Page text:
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Sterile Cystitis (Pandora Syndrome) in Cats
Katherine James, DVM, PhD, DACVIM; Susan Klein, DVM, DACVIM
Revised: December 06, 2023
Published: February 24, 2022

Also known as Feline Interstitial Cystitis, Feline Idiopathic Cystitis, FIC

Cystitis is any kind of inflammation in the wall of the urinary bladder that causes clinical signs in pets. Cystitis may result from a bacterial infection or bladder stones. However, young and middle-aged cats in particular get what is called idiopathic sterile cystitis, which means it is not caused by bacteria or stones and has no obvious cause after an investigation. While bacterial cystitis, an infection, is treated with antibiotics, and cystitis caused by bladder stones is taken care of by removing the stones (surgically or medical dissolution) and a change of diet, sterile cystitis can be tough to deal with because there is nothing obvious to treat.

Most commonly the evaluation by your veterinarian will include a history, physical examination, a complete urinalysis, and X-rays or possibly an abdominal ultrasound.  A complete blood count (CBC) and chemistry panel may also be done.    

Dogs rarely get sterile cystitis, while it’s quite common among young to middle-aged cats. A similar condition occurs in people called interstitial cystitis.

Idiopathic sterile cystitis is thought of as the most common urological disease of young cats.  It is less likely to start after the age of 10-12 years, however, because in this age range new signs of cystitis are more likely due to bladder stones, possibly a bacterial infection, or (rarely) bladder cancer. 

When the urinary tract just isn’t quite right, you can see signs in your cat, but you need to look carefully. Clinical signs of lower urinary tract disease can include:

  • Bloody urine
  • Straining
  • Painful urination
  • Inappropriate urination (outside the box)
  • Urinary frequency
  • Frequent genital licking
  • Inability to urinate despite frequent attempts (see more below; blocked cats are a veterinary emergency)

In sterile cystitis, these signs may be episodic and the most common one is usually blood in the urine, either visible to your eye or only under a microscope. While you will know soon if your cat is going outside the box or going frequently, you may not notice the straining and signs of pain while trying to urinate unless you are paying attention to your cat’s litter box habits.

It can be frustrating when there is no specific test for the actual, most common cause of a problem. Testing, such as a culture for bacteria or radiographs to look for stones, may be done to look for the less common causes of bladder disease in the younger age groups.

If We Can’t Find Anything Wrong, why is my Cat Peeing Blood?

The bladder’s health affects the rest of the body, and the body’s overall health affects the bladder. An affected cat may well have another disease or syndrome at the same time. Cats with Pandora syndrome may be a bit more predisposed to skin or gastrointestinal disease than other cats.

Importantly, it turns out that chronic early stress for a cat can change gene expression that can lead to disease. Gene expression refers to genes doing biochemical jobs for the body, but they have varying expression: some stay turned off while others get turned on to make or not make proteins for the body. Stress in early life – orphaned, needing to be bottle fed, exposure to environmental instability, trauma, disease – can all lead cats to be more susceptible to illness throughout their lives. In other words, a cat's owner hasn't likely done anything wrong to cause their cat to have Pandora syndrome. The seeds may have been sown in a kitten's early life or by the mother’s experiences before the kitten was even born.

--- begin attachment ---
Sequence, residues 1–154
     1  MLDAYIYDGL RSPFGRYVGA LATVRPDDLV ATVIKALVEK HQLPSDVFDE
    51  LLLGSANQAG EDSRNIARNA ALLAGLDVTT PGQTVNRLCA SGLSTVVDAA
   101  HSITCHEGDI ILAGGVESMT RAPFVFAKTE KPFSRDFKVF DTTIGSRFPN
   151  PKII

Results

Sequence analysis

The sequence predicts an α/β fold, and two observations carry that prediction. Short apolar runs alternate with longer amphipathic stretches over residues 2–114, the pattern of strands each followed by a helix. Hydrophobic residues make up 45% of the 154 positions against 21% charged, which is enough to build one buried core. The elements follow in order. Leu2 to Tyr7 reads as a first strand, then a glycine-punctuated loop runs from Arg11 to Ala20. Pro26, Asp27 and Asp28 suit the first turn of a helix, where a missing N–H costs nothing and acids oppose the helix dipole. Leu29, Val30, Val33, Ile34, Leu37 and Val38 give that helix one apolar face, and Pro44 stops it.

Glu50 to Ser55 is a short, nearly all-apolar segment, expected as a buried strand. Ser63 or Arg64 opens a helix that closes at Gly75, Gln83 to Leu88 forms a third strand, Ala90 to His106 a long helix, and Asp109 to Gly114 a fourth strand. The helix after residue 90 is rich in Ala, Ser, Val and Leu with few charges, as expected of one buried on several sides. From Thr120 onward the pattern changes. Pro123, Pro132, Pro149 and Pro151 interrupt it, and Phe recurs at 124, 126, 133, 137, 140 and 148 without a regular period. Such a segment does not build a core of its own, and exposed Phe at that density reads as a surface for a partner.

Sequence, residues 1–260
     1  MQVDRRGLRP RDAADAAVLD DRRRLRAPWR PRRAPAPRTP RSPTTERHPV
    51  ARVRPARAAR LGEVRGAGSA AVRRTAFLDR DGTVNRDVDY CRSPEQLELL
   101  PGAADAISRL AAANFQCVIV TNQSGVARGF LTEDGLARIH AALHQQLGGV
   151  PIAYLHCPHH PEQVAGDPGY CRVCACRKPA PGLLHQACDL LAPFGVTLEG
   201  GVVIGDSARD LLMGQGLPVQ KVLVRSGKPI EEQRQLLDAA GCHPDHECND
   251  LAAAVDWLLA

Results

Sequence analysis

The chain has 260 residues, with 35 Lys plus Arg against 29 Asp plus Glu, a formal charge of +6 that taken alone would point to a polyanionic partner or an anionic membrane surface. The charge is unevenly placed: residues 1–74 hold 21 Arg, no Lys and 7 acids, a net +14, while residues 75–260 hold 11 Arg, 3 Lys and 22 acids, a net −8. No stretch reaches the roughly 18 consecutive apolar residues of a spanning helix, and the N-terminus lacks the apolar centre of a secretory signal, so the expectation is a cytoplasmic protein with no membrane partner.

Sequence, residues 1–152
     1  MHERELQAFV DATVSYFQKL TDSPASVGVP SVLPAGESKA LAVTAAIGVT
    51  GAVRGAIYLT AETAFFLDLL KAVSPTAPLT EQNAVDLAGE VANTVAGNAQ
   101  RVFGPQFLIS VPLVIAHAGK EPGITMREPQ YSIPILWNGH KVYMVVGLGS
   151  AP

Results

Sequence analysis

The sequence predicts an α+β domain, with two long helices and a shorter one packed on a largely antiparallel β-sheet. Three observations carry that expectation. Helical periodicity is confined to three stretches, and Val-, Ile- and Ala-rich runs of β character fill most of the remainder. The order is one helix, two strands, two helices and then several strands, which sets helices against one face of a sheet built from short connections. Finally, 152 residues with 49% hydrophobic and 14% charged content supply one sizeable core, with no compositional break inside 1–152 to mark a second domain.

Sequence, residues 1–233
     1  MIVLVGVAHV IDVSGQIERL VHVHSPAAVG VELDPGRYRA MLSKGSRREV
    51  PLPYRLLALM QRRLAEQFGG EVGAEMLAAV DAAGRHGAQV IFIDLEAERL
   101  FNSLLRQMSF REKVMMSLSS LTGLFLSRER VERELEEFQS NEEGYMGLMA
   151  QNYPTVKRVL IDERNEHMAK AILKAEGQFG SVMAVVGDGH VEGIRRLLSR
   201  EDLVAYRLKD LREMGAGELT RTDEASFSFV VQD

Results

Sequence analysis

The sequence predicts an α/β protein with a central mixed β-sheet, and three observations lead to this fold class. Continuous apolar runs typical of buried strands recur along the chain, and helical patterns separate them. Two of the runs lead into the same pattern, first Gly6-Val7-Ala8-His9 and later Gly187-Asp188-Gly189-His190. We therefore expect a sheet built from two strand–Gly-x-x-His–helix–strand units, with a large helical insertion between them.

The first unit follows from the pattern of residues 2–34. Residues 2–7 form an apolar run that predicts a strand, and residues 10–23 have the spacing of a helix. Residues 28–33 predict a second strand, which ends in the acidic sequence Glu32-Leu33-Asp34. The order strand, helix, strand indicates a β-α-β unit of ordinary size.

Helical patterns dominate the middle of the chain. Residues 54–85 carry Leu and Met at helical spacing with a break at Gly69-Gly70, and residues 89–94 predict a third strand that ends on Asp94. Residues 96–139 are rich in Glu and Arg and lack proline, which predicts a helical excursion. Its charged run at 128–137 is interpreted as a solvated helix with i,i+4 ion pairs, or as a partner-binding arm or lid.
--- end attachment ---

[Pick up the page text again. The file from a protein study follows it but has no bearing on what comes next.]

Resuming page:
Cats with sterile cystitis also show abnormal hormonal response to subsequent stressors. In response to stress, the adrenal glands of healthy cats produce catecholamines (hormones called adrenaline and noradrenaline) plus cortisol, the fight or flight hormones. By contrast, cats with sterile cystitis produce higher levels of catecholamines and lower levels of cortisol in response to a threat, real or not. This stress response can promote inflammation and pain in the bladder for some cats. In these cats, the inflammation and pain will progress to a chronic disorder that is resistant to treatment, such as in the case of sterile cystitis. Often, clinical signs associated with environmental events come and go.

Other problems such as obesity, shyness or aggressiveness, intermittent vomiting, diarrhea, poor appetite, asthma, over-grooming, or even a mild heart murmur may all be issues created or compounded by stress.

The concept of stress causing a cat's urinary tract issues, usually in addition to one or more diseases or disorders occurring at the same time, is now often referred to as Pandora syndrome.

Use Multiple Therapies to Prevent Flare-ups

Specific veterinary diets can make a big difference in male cats who end up with a blocked bladder. Sometimes the cat’s urethra - the tube that carries urine from the bladder to where it exits the body - gets blocked and urine cannot pass through and thus backs up into the bladder. While bladder stones can cause a blockage, in cases such as Pandora, the blockage is usually caused by a paste-like mix of mucus and protein called matrix. As mentioned, a blockage is a veterinary emergency. Even if the cat is experiencing a bout of Pandora, on a certain diet, they might be less likely to have a related life-threatening obstruction. Veterinary diets designed for cats with sterile cystitis might promote more dilute urine and contain fatty acids to help reduce inflammation. A wet food (canned or in pouches) can also have the same benefit of making the urine more dilute.